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C. Difficile

C. Difficile Causes

Clostridium difficile bacteria are practically everywhere and can be found in air, soil, water, feces, and most surfaces. In humans, the infection is triggered by taking antibiotics or other antimicrobial drugs. The organism causes illness by multiplying and growing in abnormally large numbers in the intestinal tract.

C. Difficile Definition

C. difficile (Clostridium difficile) is a type of bacterium that causes a widespread and serious illness. This bacterium can be found almost anywhere and can easily infect people.

C. Difficile Diagnosis

If Clostridium difficile is suspected, the following tests may be done to confirm the diagnosis: stool test; colon examination; and imaging tests such as a computerized tomography (CT) scan.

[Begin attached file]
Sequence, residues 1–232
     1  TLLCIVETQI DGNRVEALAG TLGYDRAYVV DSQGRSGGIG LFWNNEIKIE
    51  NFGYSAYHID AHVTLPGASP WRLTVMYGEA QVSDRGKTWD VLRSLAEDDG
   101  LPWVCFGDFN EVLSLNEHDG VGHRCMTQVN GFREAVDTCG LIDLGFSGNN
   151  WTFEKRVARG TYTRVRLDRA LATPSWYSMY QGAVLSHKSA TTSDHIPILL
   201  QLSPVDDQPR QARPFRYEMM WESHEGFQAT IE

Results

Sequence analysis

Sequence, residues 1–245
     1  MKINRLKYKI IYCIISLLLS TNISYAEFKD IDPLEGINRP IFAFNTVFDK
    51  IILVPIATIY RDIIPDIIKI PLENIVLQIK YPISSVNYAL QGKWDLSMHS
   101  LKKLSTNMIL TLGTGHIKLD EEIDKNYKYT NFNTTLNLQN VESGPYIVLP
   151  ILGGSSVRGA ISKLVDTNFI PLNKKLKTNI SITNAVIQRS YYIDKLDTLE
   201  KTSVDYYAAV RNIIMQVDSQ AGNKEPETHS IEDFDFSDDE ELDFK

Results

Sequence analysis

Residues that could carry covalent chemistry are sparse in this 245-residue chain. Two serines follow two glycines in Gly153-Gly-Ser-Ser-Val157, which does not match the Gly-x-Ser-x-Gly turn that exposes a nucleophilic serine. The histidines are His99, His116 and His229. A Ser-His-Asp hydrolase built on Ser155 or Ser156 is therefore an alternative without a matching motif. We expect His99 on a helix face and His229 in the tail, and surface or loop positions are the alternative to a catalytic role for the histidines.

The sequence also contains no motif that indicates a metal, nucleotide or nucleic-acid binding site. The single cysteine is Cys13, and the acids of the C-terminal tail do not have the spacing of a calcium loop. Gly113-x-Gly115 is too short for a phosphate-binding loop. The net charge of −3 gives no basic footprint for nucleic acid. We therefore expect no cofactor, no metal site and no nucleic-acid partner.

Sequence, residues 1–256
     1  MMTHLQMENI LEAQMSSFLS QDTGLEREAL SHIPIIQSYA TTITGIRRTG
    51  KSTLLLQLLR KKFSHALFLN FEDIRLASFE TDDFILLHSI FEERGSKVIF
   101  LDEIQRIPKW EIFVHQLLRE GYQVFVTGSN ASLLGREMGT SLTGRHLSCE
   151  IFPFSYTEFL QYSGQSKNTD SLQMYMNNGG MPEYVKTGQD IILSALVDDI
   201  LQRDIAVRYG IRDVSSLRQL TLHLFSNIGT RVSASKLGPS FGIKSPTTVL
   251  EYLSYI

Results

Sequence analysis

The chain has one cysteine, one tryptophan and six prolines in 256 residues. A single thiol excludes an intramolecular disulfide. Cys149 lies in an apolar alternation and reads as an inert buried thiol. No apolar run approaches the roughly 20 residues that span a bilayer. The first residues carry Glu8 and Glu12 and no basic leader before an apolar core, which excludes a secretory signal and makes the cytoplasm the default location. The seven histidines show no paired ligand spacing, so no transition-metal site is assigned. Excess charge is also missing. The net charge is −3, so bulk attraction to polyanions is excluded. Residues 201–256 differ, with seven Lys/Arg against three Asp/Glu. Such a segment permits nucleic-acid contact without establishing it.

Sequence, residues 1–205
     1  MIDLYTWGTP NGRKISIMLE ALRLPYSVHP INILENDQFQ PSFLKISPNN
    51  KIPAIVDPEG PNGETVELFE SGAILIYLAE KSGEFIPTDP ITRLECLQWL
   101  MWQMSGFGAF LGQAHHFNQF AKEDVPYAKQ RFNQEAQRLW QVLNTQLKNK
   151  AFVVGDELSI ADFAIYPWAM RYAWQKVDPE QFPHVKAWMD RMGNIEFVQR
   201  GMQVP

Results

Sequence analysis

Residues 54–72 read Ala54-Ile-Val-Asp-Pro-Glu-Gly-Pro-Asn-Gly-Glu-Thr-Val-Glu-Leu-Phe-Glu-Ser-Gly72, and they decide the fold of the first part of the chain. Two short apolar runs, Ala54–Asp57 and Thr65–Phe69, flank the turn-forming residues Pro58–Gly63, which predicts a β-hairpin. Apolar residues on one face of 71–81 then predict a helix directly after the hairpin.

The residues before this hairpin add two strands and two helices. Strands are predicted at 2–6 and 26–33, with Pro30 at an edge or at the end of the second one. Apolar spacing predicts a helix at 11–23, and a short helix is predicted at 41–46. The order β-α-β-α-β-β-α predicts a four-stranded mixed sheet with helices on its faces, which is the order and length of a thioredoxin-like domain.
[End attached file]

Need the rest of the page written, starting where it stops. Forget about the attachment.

C. Difficile Symptoms and Signs

Some patients infected with the C. difficile never demonstrate any symptoms, although they remain contagious and can still spread the infection. In symptomatic patients, the infection presents with: nausea; profuse watery diarrhea; severe abdominal pain and cramping; pus or blood in stool; dehydration; and unintended weight loss. In severe cases, Clostridium difficile infections can lead to a number of serious complications, such as colitis and pseudomembranous colitis, both of which are life-threatening disorders characterized by severe inflammations of the colon.

C. Difficile Treatment

To treat a Clostridium difficile infection, it may be necessary to stop the antibiotic or medication that triggered the infection. For most patients, this step may be sufficient to relieve symptoms. However, in some cases, further steps are necessary, including: antibiotics such as oral metronidazole or vancomycin; probiotics; and surgery for those with severe pain.

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